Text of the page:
Heart Transplant Update

It had all the makings of a science fiction story when, nearly half a century ago, surgeons implanted a chimpanzee heart into a human. That heart kept the patient alive for only an hour and a half, but the groundbreaking procedure brought us one step closer to today and a world where approximately 2,000 patients in the United States will receive new human hearts this year, and where the majority of those recipients can expect to live at least another 10 years.

What's truly remarkable, though, is that a successful heart transplant is no longer about just enabling a patient to survive for a year or a decade. The focus is on helping patients achieve a better quality of life. "It's about the 65-year-old who couldn't take two steps now being able to lift her grandchild and live a full life," explains Warren Rosenblum, M.D., Assistant Clinical Professor of Medicine at Columbia University Medical Center Division of Cardiology.

According to Dr. Rosenblum, the "modern age of heart transplants" began in the 1980s with the advent of powerful immunosuppressant drugs. These drugs, which help prevent a recipient's body from rejecting the foreign heart, are now so effective that organ rejection is fairly uncommon. The downside is that in some cases these medications (which you need to take for the rest of your life if you receive a donor organ) can cause complications such as infection, diabetes, kidney disease, and cancer. However, Dr. Rosenblum stresses that these cases are an exception, not the rule.

Of course, the risk of complications is often worth it to the 3,000 or so people in the nation with end stage heart failure who, at any given moment, are waiting for a heart. The number of people who are candidates for heart transplants has fluctuated in the past decade due to other changes in cardiovascular medicine. Specifically, there have been advances in the use of a ventricular assist device (VAD), a mechanical pump that improves heart function and blood flow.  As VADs have gotten smaller and more reliable, they're now able to be used as a bridge to transplant or a bridge to recovery, according to Dr. Rosenblum. That means that with this device, a patient who may have been a candidate for a transplant may no longer need the surgery because the VAD is so effective. Other patients who in the past may not have been able to survive the long wait for a donor heart are now able to do so with a VAD.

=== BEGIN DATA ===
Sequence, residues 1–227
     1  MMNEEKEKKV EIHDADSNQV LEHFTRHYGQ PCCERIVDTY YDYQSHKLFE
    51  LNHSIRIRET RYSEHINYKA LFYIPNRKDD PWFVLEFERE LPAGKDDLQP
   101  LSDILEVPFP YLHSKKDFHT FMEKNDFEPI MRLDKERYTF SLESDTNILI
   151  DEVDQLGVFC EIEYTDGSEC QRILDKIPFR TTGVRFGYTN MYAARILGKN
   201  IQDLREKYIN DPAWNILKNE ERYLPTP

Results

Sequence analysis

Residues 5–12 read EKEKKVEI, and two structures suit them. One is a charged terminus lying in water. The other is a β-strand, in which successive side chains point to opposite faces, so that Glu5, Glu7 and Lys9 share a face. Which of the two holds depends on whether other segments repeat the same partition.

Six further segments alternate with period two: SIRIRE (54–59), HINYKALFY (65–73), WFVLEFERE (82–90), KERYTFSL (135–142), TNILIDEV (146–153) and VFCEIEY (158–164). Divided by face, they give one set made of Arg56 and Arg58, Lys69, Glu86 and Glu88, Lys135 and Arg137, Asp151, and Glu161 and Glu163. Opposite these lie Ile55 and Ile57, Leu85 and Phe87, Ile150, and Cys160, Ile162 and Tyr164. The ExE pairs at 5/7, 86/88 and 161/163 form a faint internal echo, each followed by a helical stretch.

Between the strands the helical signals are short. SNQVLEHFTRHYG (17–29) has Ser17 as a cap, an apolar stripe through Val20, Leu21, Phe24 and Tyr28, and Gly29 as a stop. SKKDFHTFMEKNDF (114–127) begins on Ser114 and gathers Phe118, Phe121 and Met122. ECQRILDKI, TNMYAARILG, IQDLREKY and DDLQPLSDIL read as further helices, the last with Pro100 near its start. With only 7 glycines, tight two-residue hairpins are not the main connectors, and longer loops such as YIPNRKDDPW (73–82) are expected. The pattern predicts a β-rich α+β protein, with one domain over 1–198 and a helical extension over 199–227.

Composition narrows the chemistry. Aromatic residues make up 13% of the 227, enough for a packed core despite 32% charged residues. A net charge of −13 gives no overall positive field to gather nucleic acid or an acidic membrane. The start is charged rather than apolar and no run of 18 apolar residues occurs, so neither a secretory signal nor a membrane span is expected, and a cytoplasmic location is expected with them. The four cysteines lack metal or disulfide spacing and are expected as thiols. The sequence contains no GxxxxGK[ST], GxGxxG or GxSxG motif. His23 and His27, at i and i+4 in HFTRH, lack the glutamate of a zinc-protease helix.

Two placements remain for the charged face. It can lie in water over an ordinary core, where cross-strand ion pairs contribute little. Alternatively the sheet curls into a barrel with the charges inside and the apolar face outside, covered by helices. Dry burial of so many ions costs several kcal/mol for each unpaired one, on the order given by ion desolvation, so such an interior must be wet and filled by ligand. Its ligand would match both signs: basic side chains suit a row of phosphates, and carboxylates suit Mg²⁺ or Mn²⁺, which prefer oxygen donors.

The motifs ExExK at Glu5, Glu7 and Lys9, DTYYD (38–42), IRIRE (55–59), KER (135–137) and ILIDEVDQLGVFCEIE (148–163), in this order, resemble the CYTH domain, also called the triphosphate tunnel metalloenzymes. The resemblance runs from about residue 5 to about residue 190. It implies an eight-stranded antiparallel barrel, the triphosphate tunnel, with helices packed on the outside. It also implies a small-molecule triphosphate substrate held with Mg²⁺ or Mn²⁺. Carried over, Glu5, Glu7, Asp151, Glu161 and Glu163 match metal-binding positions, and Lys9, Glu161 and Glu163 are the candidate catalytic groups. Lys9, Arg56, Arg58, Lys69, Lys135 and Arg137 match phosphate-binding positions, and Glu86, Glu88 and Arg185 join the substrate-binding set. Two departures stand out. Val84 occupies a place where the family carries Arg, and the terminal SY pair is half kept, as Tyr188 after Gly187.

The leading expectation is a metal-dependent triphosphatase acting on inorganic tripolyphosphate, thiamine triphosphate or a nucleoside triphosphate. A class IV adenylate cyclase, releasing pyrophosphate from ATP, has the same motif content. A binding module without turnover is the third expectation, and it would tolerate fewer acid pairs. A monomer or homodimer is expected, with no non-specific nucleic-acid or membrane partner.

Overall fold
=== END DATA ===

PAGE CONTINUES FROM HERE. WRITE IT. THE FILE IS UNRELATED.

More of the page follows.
As VADs become more sophisticated, they are increasingly being considered as "destination therapy," which means they are used as a permanent form of treatment and replace the need for a heart transplant. "That's the Holy Grail," says Dr. Rosenblum, "that [with these devices] patients will be able to live longer and healthier lives."

Those for whom transplant surgery is still the best option must wait for a donor. First, you must be considered a good candidate. Every hospital has its own criteria, so, for instance, there is no universal cut-off for age. However, survival is less likely with advanced age. The greatest challenge for those seeking a new heart, however, is donor supply, according to Dr. Rosenblum.  Helping to increase donor awareness is something that anyone can do. The U.S. Department of Health and Human Services offer resources at organdonor.gov to help you spread the word and take part in activities to promote organ donor programs.



"Explore Heart Transplants." National Heart, Lung and Blood Institute. n.d. Web. April 13, 2012

Fitzpatrick, Laura. "A Brief History of Heart Transplants." TIME. November 16, 2009. Web. April 13, 2012

"Heart." The Organ Procurement and Transplantation Network (OPTN) and the US Scientific Registry of Transplant Recipients (SRTR) Annual Data Report 2010. n.d. April 15, 2012.